How to Create a Daily Routine So You Can Focus on Stuff That Matters

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If I told you that the secret to getting more done is a simple daily routine, would you believe me?

image of a to do list pad with pencil

It’s true.

When you have a process for doing all the boring stuff, you get it done faster and more efficiently.

And THAT, my friend, leaves you with so much more time to do all those other juicy, important things that bring color to your life.

So, how do you make a routine that will work for you?

First, get the basics down and then work on the details.

What Is A Routine?

A routine is simply a list of repetitive actions that you do at a specific time or when a specific event occurs – on a regular basis.

Characteristics of Good Daily Routines

To make a daily routine “good” you need to make sure that you actually DO it everyday.

This means that you should NOT include a bunch of stuff that you know you won’t stick to.

Remember that the purpose of your daily routines is not to solve big issues, but rather to make it easy for you to get all the little things out of the way.

A good routine should be:

  • achievable,
  • time sensitive, and
  • personalized to your own situation.

Know the Difference Between a Schedule and a Routine

One distinction that you need to note is that a schedule and a routine are two different things.

A schedule is a list of things that you do at certain times throughout the day.

By contrast, a routine is a list of action items that do for different things on your schedule.

So, for example, I might put “morning routine” on my schedule everyday at 6 am, but my morning routine will actually be a list of things that I need to do at this time.

Examples of Daily Routines

Here are some examples of my own daily routines:

  • Morning Routine
  • Routine to Start My Workday
  • Lunchtime Routine
  • Routine to End My Workday
  • Evening Routine
  • Bedtime Routine

Make Your Routine Achievable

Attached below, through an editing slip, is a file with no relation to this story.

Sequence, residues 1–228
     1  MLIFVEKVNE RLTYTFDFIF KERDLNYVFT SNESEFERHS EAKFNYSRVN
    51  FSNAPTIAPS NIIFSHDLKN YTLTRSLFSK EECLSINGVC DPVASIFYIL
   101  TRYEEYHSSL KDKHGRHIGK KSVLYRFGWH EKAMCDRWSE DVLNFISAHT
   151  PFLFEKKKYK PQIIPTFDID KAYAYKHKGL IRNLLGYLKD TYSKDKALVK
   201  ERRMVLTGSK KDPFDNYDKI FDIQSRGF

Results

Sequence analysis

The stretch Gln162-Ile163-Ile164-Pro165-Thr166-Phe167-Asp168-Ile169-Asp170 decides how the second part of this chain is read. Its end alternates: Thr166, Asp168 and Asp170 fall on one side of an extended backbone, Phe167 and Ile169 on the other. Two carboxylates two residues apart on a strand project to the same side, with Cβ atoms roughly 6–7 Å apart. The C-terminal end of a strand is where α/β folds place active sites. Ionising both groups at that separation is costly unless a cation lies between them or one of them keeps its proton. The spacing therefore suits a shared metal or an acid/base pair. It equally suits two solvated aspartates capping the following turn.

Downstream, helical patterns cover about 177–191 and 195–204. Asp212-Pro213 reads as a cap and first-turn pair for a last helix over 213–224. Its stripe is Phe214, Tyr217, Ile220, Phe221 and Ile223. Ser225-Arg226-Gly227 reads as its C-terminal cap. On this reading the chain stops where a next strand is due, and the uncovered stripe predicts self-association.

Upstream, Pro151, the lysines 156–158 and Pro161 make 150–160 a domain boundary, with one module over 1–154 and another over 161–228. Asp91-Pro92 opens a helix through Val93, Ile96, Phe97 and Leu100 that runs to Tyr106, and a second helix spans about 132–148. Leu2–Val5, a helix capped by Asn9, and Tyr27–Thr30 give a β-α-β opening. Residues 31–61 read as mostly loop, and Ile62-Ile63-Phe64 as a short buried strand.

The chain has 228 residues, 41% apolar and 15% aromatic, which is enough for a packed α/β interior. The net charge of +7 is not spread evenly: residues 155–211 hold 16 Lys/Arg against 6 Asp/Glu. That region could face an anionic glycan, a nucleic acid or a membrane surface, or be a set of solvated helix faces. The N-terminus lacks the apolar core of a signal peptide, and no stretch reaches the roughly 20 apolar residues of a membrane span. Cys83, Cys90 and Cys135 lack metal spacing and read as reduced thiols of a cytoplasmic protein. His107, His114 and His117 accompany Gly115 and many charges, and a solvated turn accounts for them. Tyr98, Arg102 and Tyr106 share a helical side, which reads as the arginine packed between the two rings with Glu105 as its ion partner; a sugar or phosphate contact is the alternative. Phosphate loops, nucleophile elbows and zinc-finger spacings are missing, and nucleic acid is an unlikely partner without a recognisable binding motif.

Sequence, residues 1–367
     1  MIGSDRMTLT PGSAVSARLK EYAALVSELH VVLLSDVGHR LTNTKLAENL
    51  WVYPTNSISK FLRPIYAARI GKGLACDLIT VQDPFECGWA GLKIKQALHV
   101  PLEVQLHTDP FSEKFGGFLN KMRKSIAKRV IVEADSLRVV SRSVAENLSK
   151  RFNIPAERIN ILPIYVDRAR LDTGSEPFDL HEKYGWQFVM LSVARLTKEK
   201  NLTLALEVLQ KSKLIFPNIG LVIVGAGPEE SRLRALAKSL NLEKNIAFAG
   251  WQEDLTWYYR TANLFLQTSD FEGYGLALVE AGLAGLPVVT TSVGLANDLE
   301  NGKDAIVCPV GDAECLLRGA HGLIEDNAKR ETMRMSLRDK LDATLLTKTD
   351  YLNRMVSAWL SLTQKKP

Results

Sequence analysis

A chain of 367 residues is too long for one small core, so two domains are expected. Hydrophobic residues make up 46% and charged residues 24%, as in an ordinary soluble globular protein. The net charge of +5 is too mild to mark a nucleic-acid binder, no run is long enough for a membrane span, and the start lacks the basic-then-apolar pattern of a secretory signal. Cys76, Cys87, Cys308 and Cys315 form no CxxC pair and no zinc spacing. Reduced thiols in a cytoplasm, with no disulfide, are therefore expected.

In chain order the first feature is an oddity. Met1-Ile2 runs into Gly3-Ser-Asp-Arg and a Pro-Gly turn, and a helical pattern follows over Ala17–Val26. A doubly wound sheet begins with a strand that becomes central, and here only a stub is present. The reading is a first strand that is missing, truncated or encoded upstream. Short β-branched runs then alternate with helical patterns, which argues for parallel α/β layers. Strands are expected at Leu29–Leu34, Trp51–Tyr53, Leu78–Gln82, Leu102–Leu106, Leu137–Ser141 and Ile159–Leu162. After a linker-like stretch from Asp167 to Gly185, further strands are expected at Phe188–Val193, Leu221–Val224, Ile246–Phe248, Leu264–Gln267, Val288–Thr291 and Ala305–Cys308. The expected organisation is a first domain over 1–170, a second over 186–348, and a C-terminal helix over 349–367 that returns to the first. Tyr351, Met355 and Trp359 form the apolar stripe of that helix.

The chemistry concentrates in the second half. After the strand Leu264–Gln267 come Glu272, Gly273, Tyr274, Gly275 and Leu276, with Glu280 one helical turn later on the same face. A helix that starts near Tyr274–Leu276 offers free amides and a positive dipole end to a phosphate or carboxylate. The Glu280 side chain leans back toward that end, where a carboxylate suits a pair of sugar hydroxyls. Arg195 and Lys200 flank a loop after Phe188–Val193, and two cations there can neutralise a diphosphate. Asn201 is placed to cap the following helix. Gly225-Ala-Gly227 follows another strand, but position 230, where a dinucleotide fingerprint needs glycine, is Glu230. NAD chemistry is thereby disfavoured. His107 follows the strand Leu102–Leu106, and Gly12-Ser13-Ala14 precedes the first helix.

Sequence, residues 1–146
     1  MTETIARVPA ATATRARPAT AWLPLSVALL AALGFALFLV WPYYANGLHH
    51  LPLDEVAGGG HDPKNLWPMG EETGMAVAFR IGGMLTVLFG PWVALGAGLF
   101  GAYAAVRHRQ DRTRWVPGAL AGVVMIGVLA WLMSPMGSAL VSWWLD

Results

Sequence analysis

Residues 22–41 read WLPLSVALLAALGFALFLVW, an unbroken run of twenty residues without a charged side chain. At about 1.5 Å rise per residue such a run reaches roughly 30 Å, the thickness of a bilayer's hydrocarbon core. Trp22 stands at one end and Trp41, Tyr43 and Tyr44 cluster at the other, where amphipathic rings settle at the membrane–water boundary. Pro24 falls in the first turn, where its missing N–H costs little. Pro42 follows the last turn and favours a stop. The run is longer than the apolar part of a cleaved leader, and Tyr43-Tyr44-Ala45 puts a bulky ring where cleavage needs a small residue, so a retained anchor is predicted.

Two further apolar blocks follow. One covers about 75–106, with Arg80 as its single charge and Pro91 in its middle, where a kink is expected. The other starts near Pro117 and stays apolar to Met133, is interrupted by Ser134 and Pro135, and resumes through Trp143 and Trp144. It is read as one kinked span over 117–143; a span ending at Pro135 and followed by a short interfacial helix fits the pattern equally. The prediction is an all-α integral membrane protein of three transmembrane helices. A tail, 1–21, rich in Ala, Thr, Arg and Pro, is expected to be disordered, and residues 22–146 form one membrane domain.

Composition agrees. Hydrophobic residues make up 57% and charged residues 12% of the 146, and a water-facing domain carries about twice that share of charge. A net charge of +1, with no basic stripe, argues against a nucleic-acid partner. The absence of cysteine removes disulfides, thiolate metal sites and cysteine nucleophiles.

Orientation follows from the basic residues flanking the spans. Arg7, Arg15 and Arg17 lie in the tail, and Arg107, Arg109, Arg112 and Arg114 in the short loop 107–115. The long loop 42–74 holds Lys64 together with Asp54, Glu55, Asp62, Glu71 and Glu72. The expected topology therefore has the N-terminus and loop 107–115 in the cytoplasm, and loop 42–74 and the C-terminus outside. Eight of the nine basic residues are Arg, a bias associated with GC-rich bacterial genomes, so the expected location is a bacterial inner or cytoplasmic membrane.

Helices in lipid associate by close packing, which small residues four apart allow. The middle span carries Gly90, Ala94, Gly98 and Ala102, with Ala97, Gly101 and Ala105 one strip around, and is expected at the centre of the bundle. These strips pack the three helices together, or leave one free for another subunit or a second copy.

The things to include in your routines are the mundane items that need to happen to make life run smoothly.

In the morning I need to do small chores like emptying the dishwasher, taking care of the dog, stretching, getting school lunches put together, etc.

Before I start work, I like to look at my calendar, check my email, and so on.

The purpose of a routine is to make sure that you don’t forget to do something that would otherwise interrupt or negatively impact your day.

Your Routines Should Be Time Sensitive

The most powerful routines are limited by your available time.

If you know you only have an hour to complete your morning routine, then you will need to do two things:

  • only include things that you are physically able to complete in that time frame,
  • stay focused so that you can get it done.

READ: How to Use Deadlines to Improve Time Management

Personalize Your List

Don’t be intimidated by all the examples of routines that you come across.

Some people get lots of things done in the morning, other people are night owls and function better in the evening.

In theory, it might sound great to use your routine to start a new habit like journaling or meditation – but if you are not committed to it or don’t have the time for it, then don’t add it in right now.

Solidify your daily routines with the things that you need to get done, and then add in new things if and when they seem to make sense.

Decide On a Permanent Space to Store Your Routines

You need to be able to find and look at your list of action items every day.

I like to use my Erin Condren Perpetual Calendar as a small notebook to keep track of my daily routines.

It is slim enough to fit in the back of my LifePlanner – which means that I have it with me all the time.

You can use any notebook or app that makes sense for you.

Create Your Own Daily Routines

Now that you have the basics down, it’s time to create your own.

Identify the Times of Day That are Most Chaotic For You

There are certain times of each day that cause the most stress.

Often this is when you are running out the door for work, heading to a client, getting the kids off to school, etc.

Start by creating small routines for these busiest times of day.

Make a List of the Things You Need To Do

Brainstorm what this time of day would look like if it all ran like a smoothly oiled machine.

Write each item down, in chronological order, that you need to do to make it happen.

Assign an Amount of Time for Each Action

For each item on your list, estimate how long it will take you to do it – and write it down.

This will keep your goals realistic.

Add up the time it will take you for each action, and make sure the total fits into the time that you have available for your routine.

You might not be able to get a hundred things done on your lunch hour – and that’s ok.

Just pare down your list, until you form a routine that you can reasonably achieve.

Put Your Routines Into Practice

Remember, out of sight, out of mind.

Put your routines on your calendar – and keep the lists handy.

You will need to look at these all the time to remind yourself of what you need to do next.

Revise and Refine

As you start to see success, you can add new action items, add new routines, and go from there.

Enjoy the Productivity Boost

By creating and following good daily routines that are achievable, timely, and personalized you will greatly improve your productivity.

Happy Planning!

image of to do list pad with pencil

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